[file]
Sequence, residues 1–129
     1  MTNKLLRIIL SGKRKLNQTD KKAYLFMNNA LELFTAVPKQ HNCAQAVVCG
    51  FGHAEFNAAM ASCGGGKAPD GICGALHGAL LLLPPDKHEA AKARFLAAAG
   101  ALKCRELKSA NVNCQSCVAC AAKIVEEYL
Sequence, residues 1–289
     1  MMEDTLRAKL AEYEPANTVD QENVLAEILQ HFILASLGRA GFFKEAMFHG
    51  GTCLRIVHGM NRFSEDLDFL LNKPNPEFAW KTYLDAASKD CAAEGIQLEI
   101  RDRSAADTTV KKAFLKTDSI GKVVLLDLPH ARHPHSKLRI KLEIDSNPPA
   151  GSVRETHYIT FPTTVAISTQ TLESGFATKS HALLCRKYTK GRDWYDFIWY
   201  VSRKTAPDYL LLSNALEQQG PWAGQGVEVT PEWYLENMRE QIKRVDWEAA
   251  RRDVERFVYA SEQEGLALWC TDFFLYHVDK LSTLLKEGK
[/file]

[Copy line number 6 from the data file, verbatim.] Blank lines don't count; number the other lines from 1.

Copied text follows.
     1  MMEDTLRAKL AEYEPANTVD QENVLAEILQ HFILASLGRA GFFKEAMFHG